Spending more on Thanksgiving this year
Every November we let take a break from watching what we eat and let ourselves feast on turkey, stuffing and pumpkin pie on Thanksgiving. Despite having to shell out for a big shopping trip at the supermarket, there's always plenty of leftovers, which means no need to go food shopping in the days following.10 things you need to host holiday meals
Moneyland reports that American households will be spending 13 percent more on their Thanksgiving dinners this year due to slight increases in food prices.
A 16-pound turkey, for example, is averaging $21.57 this year, up about 25 cents per pound, or $3.91 per turkey. The AFBF says rising turkey prices are due to stronger consumer demand domestically and abroad.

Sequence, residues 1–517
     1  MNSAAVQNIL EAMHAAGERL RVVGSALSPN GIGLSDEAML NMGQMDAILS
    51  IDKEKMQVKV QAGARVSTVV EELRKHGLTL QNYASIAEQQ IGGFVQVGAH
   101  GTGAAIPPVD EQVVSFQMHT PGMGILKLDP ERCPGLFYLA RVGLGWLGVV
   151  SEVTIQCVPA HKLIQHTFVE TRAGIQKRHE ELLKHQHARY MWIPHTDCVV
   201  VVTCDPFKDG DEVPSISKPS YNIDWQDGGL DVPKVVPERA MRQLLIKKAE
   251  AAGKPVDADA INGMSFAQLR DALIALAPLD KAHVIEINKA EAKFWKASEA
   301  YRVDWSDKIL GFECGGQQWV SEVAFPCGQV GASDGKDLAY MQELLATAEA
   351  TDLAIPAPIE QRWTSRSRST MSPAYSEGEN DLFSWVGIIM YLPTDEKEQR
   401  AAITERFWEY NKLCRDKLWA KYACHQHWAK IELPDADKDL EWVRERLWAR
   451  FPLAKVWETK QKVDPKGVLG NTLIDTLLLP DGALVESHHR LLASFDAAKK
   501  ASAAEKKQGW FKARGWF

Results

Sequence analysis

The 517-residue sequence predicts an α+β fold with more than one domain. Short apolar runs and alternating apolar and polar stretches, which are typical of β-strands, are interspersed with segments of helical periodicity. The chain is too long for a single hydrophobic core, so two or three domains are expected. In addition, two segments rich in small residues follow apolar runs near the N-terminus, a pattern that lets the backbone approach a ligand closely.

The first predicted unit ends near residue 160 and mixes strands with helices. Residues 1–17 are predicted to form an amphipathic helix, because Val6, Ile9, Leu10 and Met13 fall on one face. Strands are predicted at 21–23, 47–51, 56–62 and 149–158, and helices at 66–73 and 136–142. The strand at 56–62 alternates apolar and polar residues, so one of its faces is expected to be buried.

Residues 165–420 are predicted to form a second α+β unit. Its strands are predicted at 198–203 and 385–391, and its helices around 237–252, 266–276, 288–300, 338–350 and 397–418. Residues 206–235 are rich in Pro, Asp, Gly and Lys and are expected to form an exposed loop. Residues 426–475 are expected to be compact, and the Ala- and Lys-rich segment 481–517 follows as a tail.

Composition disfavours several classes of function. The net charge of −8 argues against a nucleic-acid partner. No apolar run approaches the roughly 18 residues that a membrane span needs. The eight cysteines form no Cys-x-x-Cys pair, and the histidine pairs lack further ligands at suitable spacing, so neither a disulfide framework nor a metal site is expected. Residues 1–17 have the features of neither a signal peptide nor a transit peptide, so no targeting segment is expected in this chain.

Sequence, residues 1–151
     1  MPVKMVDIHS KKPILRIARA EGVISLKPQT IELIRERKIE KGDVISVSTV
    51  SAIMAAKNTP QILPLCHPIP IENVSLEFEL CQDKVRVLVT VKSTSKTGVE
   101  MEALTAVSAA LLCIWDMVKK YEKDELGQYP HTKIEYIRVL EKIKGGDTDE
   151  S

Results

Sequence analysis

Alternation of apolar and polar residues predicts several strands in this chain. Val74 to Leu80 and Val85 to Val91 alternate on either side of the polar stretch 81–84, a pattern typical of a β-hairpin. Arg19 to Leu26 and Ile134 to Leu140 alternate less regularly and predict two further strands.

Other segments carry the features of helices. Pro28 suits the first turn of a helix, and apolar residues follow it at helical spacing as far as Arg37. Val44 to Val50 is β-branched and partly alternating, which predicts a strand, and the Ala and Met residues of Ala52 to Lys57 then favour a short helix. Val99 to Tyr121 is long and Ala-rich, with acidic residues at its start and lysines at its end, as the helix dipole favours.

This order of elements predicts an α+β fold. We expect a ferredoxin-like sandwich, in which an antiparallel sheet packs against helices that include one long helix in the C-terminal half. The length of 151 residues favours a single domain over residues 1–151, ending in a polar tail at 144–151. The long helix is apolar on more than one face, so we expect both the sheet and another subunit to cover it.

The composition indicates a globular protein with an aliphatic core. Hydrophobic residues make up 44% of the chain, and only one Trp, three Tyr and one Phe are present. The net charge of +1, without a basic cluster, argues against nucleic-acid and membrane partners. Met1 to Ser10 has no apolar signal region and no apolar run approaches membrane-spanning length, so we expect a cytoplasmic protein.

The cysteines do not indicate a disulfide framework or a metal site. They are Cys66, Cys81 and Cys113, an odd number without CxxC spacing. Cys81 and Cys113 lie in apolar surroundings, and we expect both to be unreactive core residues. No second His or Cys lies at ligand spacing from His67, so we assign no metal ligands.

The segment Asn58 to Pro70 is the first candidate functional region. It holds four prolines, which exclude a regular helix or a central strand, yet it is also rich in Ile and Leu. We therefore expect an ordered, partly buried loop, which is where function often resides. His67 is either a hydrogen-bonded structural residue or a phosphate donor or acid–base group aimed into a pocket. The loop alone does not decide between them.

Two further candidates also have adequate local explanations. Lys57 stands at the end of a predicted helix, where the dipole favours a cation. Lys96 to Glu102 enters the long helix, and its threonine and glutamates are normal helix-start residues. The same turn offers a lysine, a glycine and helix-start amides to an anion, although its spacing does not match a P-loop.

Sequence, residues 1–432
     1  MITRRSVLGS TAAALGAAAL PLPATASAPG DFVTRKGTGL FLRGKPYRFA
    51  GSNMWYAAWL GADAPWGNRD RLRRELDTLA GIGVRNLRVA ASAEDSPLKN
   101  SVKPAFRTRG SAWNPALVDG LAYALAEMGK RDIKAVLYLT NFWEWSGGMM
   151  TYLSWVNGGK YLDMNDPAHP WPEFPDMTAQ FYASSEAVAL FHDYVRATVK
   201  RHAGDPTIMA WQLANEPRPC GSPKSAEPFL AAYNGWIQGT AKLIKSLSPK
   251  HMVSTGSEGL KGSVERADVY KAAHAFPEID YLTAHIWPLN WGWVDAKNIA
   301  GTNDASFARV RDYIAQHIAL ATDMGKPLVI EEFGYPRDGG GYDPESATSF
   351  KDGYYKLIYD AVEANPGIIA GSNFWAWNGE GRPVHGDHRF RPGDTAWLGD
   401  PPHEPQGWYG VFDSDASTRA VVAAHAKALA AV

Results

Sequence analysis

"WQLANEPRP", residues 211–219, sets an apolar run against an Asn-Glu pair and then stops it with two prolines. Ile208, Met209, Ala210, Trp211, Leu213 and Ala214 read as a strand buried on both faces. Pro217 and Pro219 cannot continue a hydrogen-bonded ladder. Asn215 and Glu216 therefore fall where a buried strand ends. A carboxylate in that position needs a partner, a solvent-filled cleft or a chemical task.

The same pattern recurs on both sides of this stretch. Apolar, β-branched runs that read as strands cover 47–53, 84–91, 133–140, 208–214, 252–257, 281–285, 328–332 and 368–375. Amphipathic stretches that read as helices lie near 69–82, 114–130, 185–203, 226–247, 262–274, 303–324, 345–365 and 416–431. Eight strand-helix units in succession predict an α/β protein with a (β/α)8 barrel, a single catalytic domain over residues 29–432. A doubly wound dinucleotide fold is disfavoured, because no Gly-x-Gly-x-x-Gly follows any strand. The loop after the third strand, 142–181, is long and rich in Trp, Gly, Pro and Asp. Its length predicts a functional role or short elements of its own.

The price of a frozen turkey has jumped noticeably since Thanksgiving 2009, when turkey prices were lower than usual, according to the Consumer Price Index. Here's what the price of a frozen turkey has looked like during the last six years:
Overall, a slight price increase won't stop consumers from their feasts this year. And for those who want to spend more, there's always a $400 Thanksgiving dinner being sold somewhere.
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